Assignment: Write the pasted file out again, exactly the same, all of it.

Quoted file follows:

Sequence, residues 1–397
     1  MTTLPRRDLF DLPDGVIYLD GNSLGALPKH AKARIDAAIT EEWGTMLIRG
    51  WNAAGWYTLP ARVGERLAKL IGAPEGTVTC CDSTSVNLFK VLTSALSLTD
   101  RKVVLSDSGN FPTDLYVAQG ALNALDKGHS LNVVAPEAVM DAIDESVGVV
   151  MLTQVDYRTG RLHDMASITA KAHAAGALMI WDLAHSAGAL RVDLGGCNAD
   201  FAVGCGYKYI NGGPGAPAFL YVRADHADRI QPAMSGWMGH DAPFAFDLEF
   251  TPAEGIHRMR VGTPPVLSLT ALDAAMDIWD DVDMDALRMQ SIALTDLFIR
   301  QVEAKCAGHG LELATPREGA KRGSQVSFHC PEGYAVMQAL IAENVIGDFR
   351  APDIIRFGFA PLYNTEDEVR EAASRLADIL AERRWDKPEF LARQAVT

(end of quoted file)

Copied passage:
Sequence, residues 1–397
     1  MTTLPRRDLF DLPDGVIYLD GNSLGALPKH AKARIDAAIT EEWGTMLIRG
    51  WNAAGWYTLP ARVGERLAKL IGAPEGTVTC CDSTSVNLFK VLTSALSLTD
   101  RKVVLSDSGN FPTDLYVAQG ALNALDKGHS LNVVAPEAVM DAIDESVGVV
   151  MLTQVDYRTG RLHDMASITA KAHAAGALMI WDLAHSAGAL RVDLGGCNAD
   201  FAVGCGYKYI NGGPGAPAFL YVRADHADRI QPAMSGWMGH DAPFAFDLEF
   251  TPAEGIHRMR VGTPPVLSLT ALDAAMDIWD DVDMDALRMQ SIALTDLFIR
   301  QVEAKCAGHG LELATPREGA KRGSQVSFHC PEGYAVMQAL IAENVIGDFR
   351  APDIIRFGFA PLYNTEDEVR EAASRLADIL AERRWDKPEF LARQAVT